At Bonn, Data Driven Yale Wins Award in UN Data for Climate Action Contest

Note: Yale School of the Environment (YSE) was formerly known as the Yale School of Forestry & Environmental Studies (F&ES). News articles and events posted prior to July 1, 2020 refer to the School's name at that time.

A team from Data-Driven Yale, an F&ES-based project working at the intersection of data science and policy, was awarded the UN Data for Climate Action Challenge’s inaugural prize for linking climate change to sustainable development goals.
The contest, hosted by UN Global Pulse and sponsored by Western Digital, a U.S.-based computer data storage company, invited teams to leverage big data and data science to generate research papers, tools, and visualizations that could inform local responses to climate change.
data driven yale award bonn
 Angel Hsu, second from right, and the Data-Driven Yale’s winning team, John Brandt, Matthew Moroney, and Sophie Janaskie, accept their award from Robert Kirkpatrick, director of United Nations Global Pulse, and Dave Tang, senior vice president at Western Digital.
The group received the award during an event at the COP23 climate conference in Bonn, Germany.
The team’s winning analysis explored air pollution’s impact on consumer spending, visualizing its results in a series of interactive maps and case studies.

Team members John Brandt ’19 M.E.Sc., Matthew Moroney ’18 M.E.M., and Sophie Janaskie ’18 M.E.M., joined Angel Hsu, Assistant Professor at F&ES and Yale-NUS College and Director of Data-Driven Yale, to accept the award during a ceremony on Nov. 12.
“Air pollution affects 90 percent of the global pollution and causes 7 million premature deaths,” said Hsu. “While studies exist to quantify these health impacts and the public health costs of air pollution, little data exist to estimate short-term impacts on people’s daily activities and behavior — what I call ‘micro-migrations.’”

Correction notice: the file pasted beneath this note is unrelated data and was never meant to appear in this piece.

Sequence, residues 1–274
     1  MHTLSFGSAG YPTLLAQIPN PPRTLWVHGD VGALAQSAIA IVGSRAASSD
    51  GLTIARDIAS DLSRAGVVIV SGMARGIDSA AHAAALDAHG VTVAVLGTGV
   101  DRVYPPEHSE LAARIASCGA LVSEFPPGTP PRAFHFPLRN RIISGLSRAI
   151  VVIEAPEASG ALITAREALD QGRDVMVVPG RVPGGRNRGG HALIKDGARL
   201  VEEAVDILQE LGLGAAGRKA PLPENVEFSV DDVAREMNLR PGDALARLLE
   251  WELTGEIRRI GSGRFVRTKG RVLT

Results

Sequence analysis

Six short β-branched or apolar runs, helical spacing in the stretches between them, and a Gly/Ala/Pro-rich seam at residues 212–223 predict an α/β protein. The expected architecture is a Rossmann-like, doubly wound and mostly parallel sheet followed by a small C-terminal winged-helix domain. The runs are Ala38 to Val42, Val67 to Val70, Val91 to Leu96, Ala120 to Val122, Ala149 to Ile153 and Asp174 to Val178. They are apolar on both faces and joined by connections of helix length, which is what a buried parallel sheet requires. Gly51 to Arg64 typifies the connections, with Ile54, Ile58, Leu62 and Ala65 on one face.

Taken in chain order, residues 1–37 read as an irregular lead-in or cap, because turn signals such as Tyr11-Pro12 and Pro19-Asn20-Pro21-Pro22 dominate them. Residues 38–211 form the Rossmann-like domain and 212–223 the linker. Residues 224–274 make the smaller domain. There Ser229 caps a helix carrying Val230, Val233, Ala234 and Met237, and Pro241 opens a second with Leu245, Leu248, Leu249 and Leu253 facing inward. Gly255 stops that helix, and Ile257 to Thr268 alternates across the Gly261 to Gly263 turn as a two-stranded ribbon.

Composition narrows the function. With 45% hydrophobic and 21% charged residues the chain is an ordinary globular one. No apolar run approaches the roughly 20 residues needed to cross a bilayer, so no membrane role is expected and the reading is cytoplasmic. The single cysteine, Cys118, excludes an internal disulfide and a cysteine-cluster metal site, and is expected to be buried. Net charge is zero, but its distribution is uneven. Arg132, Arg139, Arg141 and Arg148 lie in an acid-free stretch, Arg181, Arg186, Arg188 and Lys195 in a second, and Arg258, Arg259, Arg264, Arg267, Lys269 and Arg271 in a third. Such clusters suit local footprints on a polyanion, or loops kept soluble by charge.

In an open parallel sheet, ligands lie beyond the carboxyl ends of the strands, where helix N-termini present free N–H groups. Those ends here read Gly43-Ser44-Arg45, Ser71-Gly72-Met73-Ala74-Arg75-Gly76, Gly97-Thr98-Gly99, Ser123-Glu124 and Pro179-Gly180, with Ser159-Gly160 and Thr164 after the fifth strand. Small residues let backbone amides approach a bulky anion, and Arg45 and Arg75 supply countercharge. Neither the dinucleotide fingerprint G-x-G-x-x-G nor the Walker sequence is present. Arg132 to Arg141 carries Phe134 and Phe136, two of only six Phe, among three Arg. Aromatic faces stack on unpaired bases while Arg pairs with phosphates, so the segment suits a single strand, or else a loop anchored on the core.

The Yale Data-Driven Environmental Solutions Group (Data-Driven Yale) is an interdisciplinary and international group of researchers, scientists, programmers, and visual designers based at F&ES and Yale-NUS College, Singapore. The group uses innovative data analytics to distill signals from large-scale and unconventional datasets and develop policy solutions to contemporary environmental problems.
For their project, the Data-Driven Yale team combined data tracking daily spending habits, air pollution and climate data for 12 Spanish provinces, to understand how poor air quality, exacerbated by climate change, might drive consumer spending.
“We wanted to see if poor air quality makes people more likely to stay indoors, avoiding restaurants, shops and recreational spaces,” said Janaskie. “Using data science and statistical tools like R, Python, and ArcGIS, we were able to hack together some novel datasets to reveal some impactful trends between air pollution and consumer spending.”
In total, their analysis found that Spanish consumers spend €25 to €41 million ($29 to $48 million) less on days when ozone pollution is 10 percent worse than usual, and that spending falls by €20 to €30 million ($23 to $35 million) on days when particulate matter pollution is 10 percent worse than usual. Just a 10 percent reduction in ozone and particulate matter 2.5 in Spain could increase consumer spending between €16 and 26 billion ($19 to 30 billion) annually. Worsened air pollution risks lowering spending further.
“Our results show that urban citizens’ spending habits are four times more affected by air pollution than rural citizens’,” said Brandt. “This result affirms the economic need for cities to further incentivize air pollution reduction.”
The contest connected the researchers with retail financial group BBVA and weather data network EarthNetworks, who provided the large data sets that underpin the team’s analysis. UN Global Pulse and Western Digital, which launched the contest, aim to foster collaboration between governments, innovators, data scientists and climate experts, to generate data innovations that can help the world meet Sustainable Development Goal 13’s climate action targets.
In total, 97 semi-finalist teams developed projects using donated datasets from 11 companies. Six teams received recognition for topics ranging from the use of  real-time traffic data to determine ideal electromobility routes in Mexico City to the application of cell phone data to understand displacement from floods in Senegal at the Nov. 12 event in Bonn.
“Data philanthropy is a crucial component to combating climate change and creating a just world,” said Moroney. “Society wins when businesses leverage their expertise by allowing access to their data for open-sourced innovation.” 
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